Subscribe to
Opera Today

Receive articles and news via RSS feeds or email subscription.







Recently in Performances

Oriana, Fairest Queen: Stile Antico celebrate the life and times of Elizabeth I

Stile Antico’s lunchtime play-list, celebrating the Virgin Queen’s long reign, shuffled between sacred and secular works, from penitential to patriotic, from sensual to celebratory.

Daniel Kramer's new La traviata at English National Opera

Verdi's La traviata is one of those opera which every opera company needs to have in its repertoire, and productions need to balance intelligent exploration of the issues raised by the work with the need to reach as wide an audience as possible with an opera which is likely to attract audience members who are not regular opera-goers.

Haydn's Applausus: The Mozartists at Cadogan Hall

Continuing their MOZART 250 series, The Mozartists/ Classical Opera began dipping into the operatic offerings of 1768 at Wigmore Hall in January, when they presented numbers from Mozart’s La finta semplice, Jommelli’s Fetonte, Hasse’s Pirano e Tisbe and Haydn’s Lo speziale.

Schubert Schwanengesang revisited—Florian Boesch, Wigmore Hall

Schwanengesang isn't Schubert's Swan Song any more than it is a cycle like Die schöne Müllerin or Winterreise. The title was given it by his publishers Haslingers, after his death, combining settings of two very different poets, Ludwig Rellstab and Heinrich Heine. Wigmore Hall audiences have heard lots of good Schwanengesangs, including Boesch and Martineau performances in the past, but this was something special.

Rinaldo: The English Concert at the Barbican Hall

“After such cruel events, I don’t know if I am dreaming or awake.” So says Almirena, daughter of the Crusader Goffredo, when she is rescued by her beloved warrior-hero, Rinaldo, from the clutches of the evil sorceress, Armida.

Hamlet abridged and enriched in Amsterdam

French grand opera and small opera companies are an unlikely combination. Yet OPERA2DAY, a company of modest means, is currently touring the Netherlands with Hamlet by Ambroise Thomas.

The ROH's first production of From the House of the Dead

Krzysztof Warlikowski’s production for the ROH of From the House of the Dead is ‘new’ in several regards. It’s (astonishingly) the first time that Janáček’s last opera has been staged at Covent Garden; it’s Warlikowski’s debut at Covent Garden; and the production uses a new 2017 critical edition prepared by John Tyrrell.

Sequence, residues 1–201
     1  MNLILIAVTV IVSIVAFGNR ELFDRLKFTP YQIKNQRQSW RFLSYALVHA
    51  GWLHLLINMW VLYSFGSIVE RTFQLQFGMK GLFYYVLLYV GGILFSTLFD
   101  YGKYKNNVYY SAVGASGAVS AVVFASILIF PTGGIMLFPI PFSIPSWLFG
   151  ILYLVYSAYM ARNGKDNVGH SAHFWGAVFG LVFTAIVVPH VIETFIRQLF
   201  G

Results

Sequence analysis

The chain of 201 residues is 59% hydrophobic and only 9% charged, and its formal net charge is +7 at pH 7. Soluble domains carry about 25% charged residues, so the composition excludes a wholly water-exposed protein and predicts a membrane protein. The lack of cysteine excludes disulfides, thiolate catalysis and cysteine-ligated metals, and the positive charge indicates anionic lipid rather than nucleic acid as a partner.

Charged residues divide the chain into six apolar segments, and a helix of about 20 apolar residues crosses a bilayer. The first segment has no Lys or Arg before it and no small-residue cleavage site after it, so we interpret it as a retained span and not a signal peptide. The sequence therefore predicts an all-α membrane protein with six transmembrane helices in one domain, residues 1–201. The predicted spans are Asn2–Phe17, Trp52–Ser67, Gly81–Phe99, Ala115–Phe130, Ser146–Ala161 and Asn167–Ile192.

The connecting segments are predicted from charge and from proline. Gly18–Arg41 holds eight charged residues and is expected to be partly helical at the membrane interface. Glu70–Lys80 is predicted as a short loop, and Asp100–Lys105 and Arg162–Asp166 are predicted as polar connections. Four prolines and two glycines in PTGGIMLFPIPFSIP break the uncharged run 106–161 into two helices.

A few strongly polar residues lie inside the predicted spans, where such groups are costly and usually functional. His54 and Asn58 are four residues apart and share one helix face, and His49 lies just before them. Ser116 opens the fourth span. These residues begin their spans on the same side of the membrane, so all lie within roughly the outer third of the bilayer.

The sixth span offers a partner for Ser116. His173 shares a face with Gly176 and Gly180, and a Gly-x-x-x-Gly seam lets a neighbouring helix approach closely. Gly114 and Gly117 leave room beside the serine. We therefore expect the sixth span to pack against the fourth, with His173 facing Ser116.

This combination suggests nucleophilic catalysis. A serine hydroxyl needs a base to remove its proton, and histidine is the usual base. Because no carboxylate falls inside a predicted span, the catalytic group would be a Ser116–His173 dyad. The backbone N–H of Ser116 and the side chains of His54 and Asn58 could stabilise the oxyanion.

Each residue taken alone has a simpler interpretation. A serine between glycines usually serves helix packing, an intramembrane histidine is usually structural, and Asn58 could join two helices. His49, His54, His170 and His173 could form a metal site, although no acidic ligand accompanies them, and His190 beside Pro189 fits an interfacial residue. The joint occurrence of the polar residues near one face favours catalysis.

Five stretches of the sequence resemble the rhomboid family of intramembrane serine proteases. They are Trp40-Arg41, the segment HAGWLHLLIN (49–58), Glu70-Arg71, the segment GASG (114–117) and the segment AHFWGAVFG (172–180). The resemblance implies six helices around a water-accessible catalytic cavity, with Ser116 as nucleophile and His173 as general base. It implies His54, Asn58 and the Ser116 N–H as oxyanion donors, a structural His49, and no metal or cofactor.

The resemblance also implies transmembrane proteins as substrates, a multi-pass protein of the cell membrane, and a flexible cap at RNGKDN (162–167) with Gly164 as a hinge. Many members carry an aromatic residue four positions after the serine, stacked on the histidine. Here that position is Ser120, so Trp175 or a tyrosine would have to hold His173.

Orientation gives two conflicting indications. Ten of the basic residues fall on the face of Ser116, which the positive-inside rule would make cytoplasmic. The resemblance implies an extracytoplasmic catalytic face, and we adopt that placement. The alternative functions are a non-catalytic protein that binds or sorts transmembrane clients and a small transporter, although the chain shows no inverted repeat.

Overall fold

Così fan tutte at Lyric Opera of Chicago

With artifice, disguise, and questions on fidelity as the basis of Mozart’s Così fan tutte, the composer’s mature opera has returned to the stage at Lyric Opera of Chicago.

WNO's Wheel of Destiny rolls into Birmingham

Welsh National Opera’s wheel of destiny has rolled into Birmingham this week, with Verdi’s sprawling tragedy, La forza del destino, opening the company’s ‘Rabble Rousing’ triptych at the Hippodrome.

A Midsummer Night's Dream at the Royal College of Music

The gossamer web of Shakespeare’s A Midsummer Night’s Dream is sufficiently insubstantial and ambiguous to embrace multiple interpretative readings: the play can be a charming comic caper, a jangling journey through human pettiness and cruelty, a moonlit fairy fantasy or a shadowy erotic nightmare, and much more besides.

Robert Carsen's A Midsummer Night's Dream returns to ENO

Having given us Christopher Alden's strangely dystopic production of Britten's A Midsummer Night's Dream in 2011, English National Opera (ENO) has opted for Robert Carsen's bed-inspired vision for the latest revival of the opera at the London Coliseum.

Turandot in San Diego—Prima la voce

The big musical set pieces in Turandot require voice, voice, and more voice, and San Diego Opera has gifted us with a world-class cast of singing actors.

Dialogues de Carmélites at the Guildhall School: spiritual transcendence and transfiguration

Four years have passed since my last Dialogues des Carmélites, and on that occasion - Robert Carsen’s production for the ROH - heightened dramatic intensity, revolutionary insurrection (enhanced by an oppressed populace formed by a 67-strong Community Ensemble) and, under the baton of Simon Rattle, luxuriant musical rapture, were the order of the day.

'B & B’ in a new key

Seattle Opera’s new production of Béatrice et Bénédict is best regarded as a noble experiment, performed expressly to see if Berlioz’ delectable 1862 opéra comique can successfully be brought into the living repertory outside its native France. As such, it is quite a success.

Of Animals and Insects: a musical menagerie at Wigmore Hall

Wigmore Hall was transformed into a musical menagerie earlier this week, when bass-baritone Ashley Riches, a Radio 3 New Generation Artist, and pianist Joseph Middleton took us on a pan-European lunchtime stroll through a gallery of birds and beasts, blooms and bugs.

Hugo Wolf, Italienisches Liederbuch

Nationality is a complicated thing at the best of times. (At the worst of times: well, none of us needs reminding about that.) What, if anything, might it mean for Hugo Wolf’s Italian Songbook? Almost whatever you want it to mean, or not to mean.

San Jose’s Dutchman Treat

At my advanced age, I have now experienced ten different productions of Wagner’s The Flying Dutchman in my opera-going lifetime, but Opera San Jose’s just might be the finest.

Mortal Voices: the Academy of Ancient Music at Milton Court

The relationship between music and money is long-standing, complex and inextricable. In the Baroque era it was symbiotically advantageous.

I Puritani at Lyric Opera of Chicago

What better evocation of bel canto than an opera which uses the power of song to dispel madness and to reunite the heroine with her banished fiancé? Such is the final premise of Vincenzo Bellini’s I puritani, currently in performance at Lyric Opera of Chicago.

Iolanthe: English National Opera